Posts Tagged ‘Emma Smith’

Wolf mom Fawn Gustafson unleashes the bubbly as CHS baseball celebrates a league title. (Photos by JohnsPhotos.net)

Celebrations galore.

As we use the pandemic shutdown to continue our look back through the 23 million photos to run on Coupeville Sports, we arrive in the year 2016.

A mix of action, reaction, and, yes, celebrations galore, these are the 20 pics which I think best capture the year that was.

Sage Renninger eyeballs McKenzie Bailey.

Joey Lippo holds on to the ball with a death-grip during a collision at the plate.

Coupeville’s William Nelson (on right) gets his head into the game.

Stack ’em to the sky.

Booster Club shenanigans.

Yoinks! Emma Smith gets diabolical with her tip.

Brenden Gilbert is ready to settle down.

Megan DePorter (right) gives Kalia Littlejohn a victory hug.

Allison Wenzel, coiled like a panther ready to strike.

Abby Parker has taught her young protégé well. (Kathy O’Brien photo)

Clay Reilly stretches for the first down. (Photos by JohnsPhotos.net)

Sarah Wright is 5’9, or 6’4 with the hair.

Hope Lodell (left) and Payton Aparicio wait for the bass to drop.

Jae LeVine, scamp.

McKenzie Bailey responds to coach Ken Stange’s suggestion the team run wind sprints.

Hunter Downes (left) and Ariah Bepler frolic through the spring flowers.

Makana Stone gets tangled up.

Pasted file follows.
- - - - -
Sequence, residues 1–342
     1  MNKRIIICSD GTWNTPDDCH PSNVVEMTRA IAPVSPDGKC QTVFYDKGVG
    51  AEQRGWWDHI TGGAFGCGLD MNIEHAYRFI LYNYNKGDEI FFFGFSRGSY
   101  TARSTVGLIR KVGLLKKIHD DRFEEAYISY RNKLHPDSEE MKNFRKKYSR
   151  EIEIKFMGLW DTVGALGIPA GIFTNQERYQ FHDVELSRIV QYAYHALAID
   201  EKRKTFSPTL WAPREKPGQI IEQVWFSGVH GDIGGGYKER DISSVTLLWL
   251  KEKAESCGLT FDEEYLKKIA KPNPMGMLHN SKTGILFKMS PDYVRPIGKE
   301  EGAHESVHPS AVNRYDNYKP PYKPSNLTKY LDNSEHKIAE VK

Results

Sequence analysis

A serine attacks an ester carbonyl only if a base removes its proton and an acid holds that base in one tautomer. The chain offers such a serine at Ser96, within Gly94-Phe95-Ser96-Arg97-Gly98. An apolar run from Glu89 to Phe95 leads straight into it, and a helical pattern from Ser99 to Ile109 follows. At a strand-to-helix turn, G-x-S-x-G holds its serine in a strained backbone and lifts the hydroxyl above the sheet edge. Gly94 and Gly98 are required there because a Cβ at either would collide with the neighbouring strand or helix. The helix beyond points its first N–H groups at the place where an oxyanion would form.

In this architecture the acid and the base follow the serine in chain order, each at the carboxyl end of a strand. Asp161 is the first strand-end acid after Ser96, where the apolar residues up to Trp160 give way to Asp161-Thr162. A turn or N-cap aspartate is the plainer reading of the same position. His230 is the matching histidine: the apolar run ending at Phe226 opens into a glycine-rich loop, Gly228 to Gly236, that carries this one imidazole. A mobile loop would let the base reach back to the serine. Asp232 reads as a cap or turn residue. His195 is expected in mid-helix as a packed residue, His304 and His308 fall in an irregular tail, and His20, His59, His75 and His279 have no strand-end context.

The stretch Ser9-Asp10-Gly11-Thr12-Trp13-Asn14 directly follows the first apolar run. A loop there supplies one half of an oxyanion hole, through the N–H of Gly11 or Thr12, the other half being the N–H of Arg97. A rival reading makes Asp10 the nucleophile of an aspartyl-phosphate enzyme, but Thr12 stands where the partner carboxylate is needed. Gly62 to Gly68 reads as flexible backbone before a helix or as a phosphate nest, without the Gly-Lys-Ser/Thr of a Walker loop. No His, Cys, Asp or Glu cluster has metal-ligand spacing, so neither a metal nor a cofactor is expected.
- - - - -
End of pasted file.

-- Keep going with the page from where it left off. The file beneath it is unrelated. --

Celebrate good times, come on!

Hunter Smith believes he can fly.

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Prairie legend Emma Smith, back in her days as a Coupeville volleyball ace. (Photo by JohnsPhotos.net)

Smith, right next to the helmet of the main football player, is front and center in the latest Montana State University football advertising blitz.

From Cow Town to Bozeman, Emma Smith is still in the spotlight.

The former Coupeville High School athlete, who went to state in both volleyball and track and field, is currently a freshman at Montana State University.

While there, she spent a chunk of her fall attending Bobcat football games, and now a photo featuring her and other MSU students is at the heart of the gridiron program’s latest advertising blitz.

The poster seen above popped up on Twitter Wednesday, quickly setting the internet abuzz.

Smith, who was a First-Team All-Conference pick as a hard-hitting volleyball spiker during her CHS days, is part of one of Coupeville’s strongest athletic dynasties.

Her branch of the Smith family includes aunt Joli, a three-sport supernova during my days writing at the Whidbey News-Times, and uncle Todd, an All-Conference pick on both sides of the ball for the ’90 CHS football team, the only undefeated squad in program history.

And then there’s grandpa Steve, one of the most physically-gifted athletes the town has ever witnessed.

Today, though, the spotlight is firmly on Emma, no matter what town she’s currently calling home.